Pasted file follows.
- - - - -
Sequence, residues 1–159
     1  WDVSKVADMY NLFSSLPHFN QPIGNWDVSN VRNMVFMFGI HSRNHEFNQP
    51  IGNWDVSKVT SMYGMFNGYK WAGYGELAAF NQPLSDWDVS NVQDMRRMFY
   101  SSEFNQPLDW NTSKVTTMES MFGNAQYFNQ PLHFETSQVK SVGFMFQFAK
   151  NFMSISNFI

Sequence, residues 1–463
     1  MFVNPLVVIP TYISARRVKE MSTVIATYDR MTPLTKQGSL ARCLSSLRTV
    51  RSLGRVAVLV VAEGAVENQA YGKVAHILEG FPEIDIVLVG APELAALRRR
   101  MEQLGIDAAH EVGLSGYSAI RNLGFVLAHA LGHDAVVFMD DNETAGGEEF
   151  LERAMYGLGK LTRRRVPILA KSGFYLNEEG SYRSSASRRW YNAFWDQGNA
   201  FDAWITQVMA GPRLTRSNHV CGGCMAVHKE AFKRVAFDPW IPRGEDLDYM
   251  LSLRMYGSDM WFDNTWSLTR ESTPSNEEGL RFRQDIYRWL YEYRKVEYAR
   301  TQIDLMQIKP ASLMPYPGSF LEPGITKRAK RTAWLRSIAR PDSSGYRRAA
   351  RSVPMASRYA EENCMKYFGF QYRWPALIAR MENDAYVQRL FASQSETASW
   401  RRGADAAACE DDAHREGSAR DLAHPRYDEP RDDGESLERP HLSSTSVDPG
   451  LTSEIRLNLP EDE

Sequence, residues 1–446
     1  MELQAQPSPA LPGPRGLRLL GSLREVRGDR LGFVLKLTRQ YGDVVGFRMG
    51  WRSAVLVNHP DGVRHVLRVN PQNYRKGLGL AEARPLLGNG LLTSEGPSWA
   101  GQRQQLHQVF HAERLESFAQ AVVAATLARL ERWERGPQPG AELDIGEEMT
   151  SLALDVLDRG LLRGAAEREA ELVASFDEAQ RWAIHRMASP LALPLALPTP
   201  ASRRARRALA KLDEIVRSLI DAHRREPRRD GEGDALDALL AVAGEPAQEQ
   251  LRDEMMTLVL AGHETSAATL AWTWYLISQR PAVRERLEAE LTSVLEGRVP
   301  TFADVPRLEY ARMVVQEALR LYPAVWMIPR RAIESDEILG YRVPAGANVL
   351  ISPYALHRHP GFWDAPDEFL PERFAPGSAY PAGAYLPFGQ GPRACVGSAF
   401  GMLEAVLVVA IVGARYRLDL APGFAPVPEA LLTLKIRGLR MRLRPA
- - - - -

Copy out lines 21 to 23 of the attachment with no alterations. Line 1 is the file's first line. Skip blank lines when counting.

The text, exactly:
   151  SLALDVLDRG LLRGAAEREA ELVASFDEAQ RWAIHRMASP LALPLALPTP
   201  ASRRARRALA KLDEIVRSLI DAHRREPRRD GEGDALDALL AVAGEPAQEQ
   251  LRDEMMTLVL AGHETSAATL AWTWYLISQR PAVRERLEAE LTSVLEGRVP